Biotech/Pharmaceutical

Inovio Pharmaceuticals and Roche Holding Part Ways in Immunotherapy Molecule Development

Inovio and Roche Part Ways in Immunotherapy Molecule Development
Inovio has an exceptional opportunity to excel in the therapeutic fields of hepatitis and prostate cancer

Roche Holding Limited (ADR) (OTCMKTS:RHHBY) and Inovio have separated their ways from the mutual development of molecule to treat prostate cancer and hepatitis B ailments. The deal, worth $422.5 million, was finalized in 2013 and involved two molecules, INO-1800 and INO-5150; however, Inovio recently announced that it has received notice from Roche regarding the contract’s termination.

The investigational drug INO-1800, undergoing Phase 1 clinical trials, will take impact from this event. Inovio Pharmaceuticals Inc. (NASDAQ:INO) will get the rights of the immunotherapy molecule and its license. Roche’s separation from the program will not affect its capability to develop novel molecules, as it is already working on five core therapeutic areas such as oncology, neuroscience, immunology, cardiovascular and metabolism, and ophthalmology.

Inovio CEO and President, Dr. J. Joseph Kim, said: “While we acknowledge Roche’s strategic decision in the area of hepatitis B, we are optimistic that our potent immunotherapy platform will make a difference in this globally important chronic viral infection, similar to what we have demonstrated in HPV-related disease. Inovio was already managing the phase 1 clinical trial so the study will continue on track without disruption.”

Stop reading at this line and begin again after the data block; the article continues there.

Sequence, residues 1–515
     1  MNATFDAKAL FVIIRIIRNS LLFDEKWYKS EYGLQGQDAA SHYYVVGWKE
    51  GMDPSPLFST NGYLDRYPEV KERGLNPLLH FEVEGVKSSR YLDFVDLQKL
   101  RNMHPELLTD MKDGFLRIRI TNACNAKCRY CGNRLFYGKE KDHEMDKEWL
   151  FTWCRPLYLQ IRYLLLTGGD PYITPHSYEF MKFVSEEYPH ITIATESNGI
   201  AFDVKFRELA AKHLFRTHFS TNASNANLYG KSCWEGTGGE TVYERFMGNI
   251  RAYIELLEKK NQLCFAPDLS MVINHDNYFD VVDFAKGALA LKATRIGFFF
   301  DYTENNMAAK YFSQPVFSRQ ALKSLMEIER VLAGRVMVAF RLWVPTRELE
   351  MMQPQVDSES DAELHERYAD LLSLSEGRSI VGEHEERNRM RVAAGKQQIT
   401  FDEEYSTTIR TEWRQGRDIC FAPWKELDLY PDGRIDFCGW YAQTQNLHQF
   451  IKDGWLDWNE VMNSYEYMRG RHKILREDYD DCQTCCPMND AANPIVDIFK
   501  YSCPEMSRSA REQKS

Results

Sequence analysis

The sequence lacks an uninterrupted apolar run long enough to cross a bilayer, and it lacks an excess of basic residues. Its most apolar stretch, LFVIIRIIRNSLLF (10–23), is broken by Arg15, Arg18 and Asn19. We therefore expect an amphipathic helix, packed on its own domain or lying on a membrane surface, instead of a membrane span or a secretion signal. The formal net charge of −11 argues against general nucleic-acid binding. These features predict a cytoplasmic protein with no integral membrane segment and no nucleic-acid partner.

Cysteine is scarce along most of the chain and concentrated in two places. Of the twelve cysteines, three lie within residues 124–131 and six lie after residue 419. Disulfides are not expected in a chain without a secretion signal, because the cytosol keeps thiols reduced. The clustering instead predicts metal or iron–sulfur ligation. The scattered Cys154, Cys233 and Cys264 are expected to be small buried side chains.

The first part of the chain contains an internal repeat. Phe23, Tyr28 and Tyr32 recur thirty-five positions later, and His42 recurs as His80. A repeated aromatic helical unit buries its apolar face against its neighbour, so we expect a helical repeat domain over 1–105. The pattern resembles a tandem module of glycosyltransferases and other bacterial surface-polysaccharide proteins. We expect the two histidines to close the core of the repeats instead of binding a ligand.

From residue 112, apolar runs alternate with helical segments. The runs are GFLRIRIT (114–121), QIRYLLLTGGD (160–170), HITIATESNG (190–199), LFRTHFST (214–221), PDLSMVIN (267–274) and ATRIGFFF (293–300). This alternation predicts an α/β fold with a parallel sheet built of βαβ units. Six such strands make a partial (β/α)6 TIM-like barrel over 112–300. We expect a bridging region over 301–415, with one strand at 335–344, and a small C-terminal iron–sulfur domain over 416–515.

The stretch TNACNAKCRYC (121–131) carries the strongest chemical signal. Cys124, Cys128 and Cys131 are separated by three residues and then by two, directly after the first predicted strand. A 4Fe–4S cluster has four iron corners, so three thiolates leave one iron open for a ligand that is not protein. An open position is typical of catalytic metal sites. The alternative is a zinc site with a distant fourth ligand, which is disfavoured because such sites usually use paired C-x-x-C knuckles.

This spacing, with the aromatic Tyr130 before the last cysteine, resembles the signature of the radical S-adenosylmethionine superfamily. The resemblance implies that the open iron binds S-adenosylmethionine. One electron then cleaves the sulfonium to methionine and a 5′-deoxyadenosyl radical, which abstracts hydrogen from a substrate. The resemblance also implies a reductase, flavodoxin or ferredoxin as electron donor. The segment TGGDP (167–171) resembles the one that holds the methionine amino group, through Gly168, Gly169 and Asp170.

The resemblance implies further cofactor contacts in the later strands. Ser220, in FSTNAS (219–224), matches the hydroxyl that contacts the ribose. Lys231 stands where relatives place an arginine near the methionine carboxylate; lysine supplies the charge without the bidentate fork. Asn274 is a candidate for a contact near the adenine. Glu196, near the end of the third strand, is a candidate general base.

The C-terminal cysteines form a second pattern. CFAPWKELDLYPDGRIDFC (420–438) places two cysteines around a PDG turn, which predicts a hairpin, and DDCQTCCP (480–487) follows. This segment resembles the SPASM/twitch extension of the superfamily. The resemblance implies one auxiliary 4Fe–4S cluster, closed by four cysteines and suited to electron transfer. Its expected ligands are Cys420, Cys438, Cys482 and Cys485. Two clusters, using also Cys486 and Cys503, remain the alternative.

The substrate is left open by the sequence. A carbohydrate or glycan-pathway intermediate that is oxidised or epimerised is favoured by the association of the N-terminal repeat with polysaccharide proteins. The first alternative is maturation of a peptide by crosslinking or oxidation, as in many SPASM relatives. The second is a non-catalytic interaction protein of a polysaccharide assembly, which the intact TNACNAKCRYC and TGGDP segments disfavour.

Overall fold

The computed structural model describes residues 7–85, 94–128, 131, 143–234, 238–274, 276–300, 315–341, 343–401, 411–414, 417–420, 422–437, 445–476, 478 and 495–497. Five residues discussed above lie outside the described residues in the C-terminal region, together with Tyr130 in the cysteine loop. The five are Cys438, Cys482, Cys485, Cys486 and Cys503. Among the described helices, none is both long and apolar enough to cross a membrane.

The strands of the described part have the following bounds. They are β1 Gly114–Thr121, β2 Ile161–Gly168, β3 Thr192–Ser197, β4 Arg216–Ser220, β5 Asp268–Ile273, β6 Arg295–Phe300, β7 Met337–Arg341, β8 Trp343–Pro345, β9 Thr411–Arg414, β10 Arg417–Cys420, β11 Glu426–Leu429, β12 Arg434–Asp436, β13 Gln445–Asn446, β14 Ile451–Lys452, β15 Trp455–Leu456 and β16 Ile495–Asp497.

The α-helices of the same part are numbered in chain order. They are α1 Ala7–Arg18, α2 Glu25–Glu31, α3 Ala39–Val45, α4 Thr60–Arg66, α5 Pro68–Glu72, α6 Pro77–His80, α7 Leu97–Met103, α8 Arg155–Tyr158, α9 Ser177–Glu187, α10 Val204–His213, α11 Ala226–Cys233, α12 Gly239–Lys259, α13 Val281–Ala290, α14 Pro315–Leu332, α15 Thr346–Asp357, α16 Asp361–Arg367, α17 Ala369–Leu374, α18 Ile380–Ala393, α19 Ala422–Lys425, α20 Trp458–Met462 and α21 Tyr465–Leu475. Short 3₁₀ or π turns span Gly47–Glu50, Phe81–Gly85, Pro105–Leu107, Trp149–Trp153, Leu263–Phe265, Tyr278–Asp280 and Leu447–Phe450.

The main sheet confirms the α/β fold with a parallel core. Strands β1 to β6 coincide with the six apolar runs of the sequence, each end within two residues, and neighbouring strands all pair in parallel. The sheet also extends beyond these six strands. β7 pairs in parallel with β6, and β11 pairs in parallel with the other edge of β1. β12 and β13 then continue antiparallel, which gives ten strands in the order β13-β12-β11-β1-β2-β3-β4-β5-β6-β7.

On the other hand, Inovio has given back INO-1800 rights to Roche, which is indicted for HBV’s management and treatment. The molecule is undergoing Phase 1 clinical trials at 30 sites in the US.

The trial is testing INO-1800, which targets HBV antigens, alone and in combination with INO-9112, an IL-12-based immune activator. The study has completed interim safety reviews with a “favorable” profile; immunology analyses are slated to begin after enrollment completion.

In addition, Roche has returned INO-5150, indicated for the management and treatment of prostate cancer. Inovio is working on the molecule, which is in phase 1 clinical trial that specifically targets prostate-specific membrane antigen (PSMA) and prostate-specific antigen (PSA). Roche will pay $10 million upfront to Inovio, along with $412.5 million for research and development expenses.

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